The Humboldt martens, a small, cat-like woodland creature once thought to be extinct, will now receive protection as a threatened species under the Endangered Species Act.
According to Environment Protection Information Center (EPIC), the decision comes 10 years after EPIC and the Center for Biological Diversity petitioned for the animals to have protected species under the Endangered Species Act and after they sued the
Trump administration for its long delay in finalizing protections for this rare species.
“It’s about time Humboldt martens got the protections they so desperately need,” said Quinn Read, Oregon policy director of the Center for Biological Diversity. “We are perilously close to losing this incredible species forever. These protections provide a pathway to recovery, and we’ll do everything we can to hold the Trump administration accountable to its responsibilities under the Endangered Species Act.”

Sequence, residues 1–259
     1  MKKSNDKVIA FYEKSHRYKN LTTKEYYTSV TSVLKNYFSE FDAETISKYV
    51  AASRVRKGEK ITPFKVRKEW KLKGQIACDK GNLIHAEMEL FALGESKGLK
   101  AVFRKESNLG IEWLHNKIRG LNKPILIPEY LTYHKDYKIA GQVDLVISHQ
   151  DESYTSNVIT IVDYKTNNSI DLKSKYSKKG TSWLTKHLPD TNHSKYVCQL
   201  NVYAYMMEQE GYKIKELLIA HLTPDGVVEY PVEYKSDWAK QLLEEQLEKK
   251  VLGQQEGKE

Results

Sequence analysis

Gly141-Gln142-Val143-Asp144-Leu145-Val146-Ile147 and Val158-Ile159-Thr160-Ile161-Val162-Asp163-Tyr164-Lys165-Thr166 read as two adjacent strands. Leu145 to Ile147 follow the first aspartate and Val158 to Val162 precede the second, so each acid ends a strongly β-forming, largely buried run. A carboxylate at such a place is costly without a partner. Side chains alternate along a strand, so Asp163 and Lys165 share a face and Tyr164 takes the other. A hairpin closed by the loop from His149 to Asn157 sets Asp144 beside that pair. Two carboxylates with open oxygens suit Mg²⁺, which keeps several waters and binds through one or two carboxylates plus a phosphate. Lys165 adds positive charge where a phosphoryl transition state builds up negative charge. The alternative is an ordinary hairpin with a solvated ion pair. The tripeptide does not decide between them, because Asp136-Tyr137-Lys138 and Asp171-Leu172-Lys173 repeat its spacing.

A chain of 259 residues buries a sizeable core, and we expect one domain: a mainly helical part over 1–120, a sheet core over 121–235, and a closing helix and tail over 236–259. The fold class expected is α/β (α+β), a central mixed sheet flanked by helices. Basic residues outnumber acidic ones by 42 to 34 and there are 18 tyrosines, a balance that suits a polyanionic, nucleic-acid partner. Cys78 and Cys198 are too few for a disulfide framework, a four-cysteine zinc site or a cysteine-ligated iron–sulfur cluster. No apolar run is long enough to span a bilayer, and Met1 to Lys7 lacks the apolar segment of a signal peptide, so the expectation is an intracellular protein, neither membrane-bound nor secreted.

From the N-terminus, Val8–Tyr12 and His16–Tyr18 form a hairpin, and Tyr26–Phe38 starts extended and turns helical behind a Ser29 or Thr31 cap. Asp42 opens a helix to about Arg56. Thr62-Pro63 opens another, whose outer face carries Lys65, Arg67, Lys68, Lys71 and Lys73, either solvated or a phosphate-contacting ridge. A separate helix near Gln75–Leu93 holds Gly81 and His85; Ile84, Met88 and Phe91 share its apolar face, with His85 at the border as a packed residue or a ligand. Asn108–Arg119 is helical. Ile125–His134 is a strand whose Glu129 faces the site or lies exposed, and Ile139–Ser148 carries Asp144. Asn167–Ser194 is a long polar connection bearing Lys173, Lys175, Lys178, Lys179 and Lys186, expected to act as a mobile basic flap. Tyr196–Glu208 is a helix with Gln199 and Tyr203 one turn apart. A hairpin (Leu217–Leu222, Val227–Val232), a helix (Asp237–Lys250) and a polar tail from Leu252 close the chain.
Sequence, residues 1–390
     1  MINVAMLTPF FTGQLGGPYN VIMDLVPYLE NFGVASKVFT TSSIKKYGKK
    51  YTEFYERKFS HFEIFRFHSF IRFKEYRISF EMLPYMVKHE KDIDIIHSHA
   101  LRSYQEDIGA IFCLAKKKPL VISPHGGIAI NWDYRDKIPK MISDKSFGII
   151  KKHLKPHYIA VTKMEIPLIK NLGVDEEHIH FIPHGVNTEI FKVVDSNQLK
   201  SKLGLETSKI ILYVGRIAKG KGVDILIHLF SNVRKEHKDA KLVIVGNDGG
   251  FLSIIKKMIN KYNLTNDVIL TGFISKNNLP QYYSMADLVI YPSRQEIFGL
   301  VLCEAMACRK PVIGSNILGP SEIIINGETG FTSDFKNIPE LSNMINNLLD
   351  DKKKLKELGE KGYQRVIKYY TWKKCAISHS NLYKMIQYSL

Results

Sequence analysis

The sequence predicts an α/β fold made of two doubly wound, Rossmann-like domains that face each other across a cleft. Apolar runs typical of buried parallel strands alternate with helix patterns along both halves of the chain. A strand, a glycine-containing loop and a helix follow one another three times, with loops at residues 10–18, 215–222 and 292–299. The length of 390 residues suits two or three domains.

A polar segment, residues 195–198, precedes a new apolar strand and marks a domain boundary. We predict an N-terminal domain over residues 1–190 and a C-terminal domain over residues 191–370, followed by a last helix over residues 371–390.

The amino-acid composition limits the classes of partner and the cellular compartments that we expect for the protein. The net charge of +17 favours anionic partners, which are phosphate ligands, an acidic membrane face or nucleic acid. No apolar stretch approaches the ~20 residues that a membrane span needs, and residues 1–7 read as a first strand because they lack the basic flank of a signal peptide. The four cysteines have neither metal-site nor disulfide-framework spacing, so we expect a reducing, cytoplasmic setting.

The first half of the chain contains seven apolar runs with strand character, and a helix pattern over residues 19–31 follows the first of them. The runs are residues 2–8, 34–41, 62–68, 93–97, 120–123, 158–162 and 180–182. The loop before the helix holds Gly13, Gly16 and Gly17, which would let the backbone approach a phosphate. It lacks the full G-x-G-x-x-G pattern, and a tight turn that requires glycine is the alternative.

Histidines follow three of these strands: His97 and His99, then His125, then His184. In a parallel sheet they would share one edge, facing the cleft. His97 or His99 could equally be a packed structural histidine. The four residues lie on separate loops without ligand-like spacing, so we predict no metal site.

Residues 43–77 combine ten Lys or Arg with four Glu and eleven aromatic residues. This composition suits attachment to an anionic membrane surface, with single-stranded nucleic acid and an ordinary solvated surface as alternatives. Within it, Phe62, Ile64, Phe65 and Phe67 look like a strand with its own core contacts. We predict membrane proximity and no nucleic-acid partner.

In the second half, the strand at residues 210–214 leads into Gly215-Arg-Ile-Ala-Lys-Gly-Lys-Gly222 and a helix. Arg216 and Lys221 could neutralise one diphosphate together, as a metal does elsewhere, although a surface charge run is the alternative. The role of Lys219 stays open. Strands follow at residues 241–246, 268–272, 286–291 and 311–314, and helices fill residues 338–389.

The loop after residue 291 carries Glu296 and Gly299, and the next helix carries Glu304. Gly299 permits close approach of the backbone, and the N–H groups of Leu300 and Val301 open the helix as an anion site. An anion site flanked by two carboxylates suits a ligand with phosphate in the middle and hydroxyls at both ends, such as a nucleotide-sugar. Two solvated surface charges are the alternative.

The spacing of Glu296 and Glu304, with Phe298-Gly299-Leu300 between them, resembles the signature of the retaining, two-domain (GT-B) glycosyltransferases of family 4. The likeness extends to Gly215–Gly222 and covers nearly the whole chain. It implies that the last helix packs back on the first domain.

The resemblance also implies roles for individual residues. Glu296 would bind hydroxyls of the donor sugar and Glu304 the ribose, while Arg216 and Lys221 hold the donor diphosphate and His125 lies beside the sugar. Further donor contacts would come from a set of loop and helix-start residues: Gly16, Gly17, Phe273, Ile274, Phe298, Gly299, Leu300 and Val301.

Humboldt martens are common in coastal forests in northern California and southern Oregon. The animal population was wiped out by unchecked trapping and logging of its habitat but today, "fewer than 400 of these fascinating carnivores remain in four highly isolated fragments of the species’ historic habitat," the EPIC blog post reads.
Read the full press release below.
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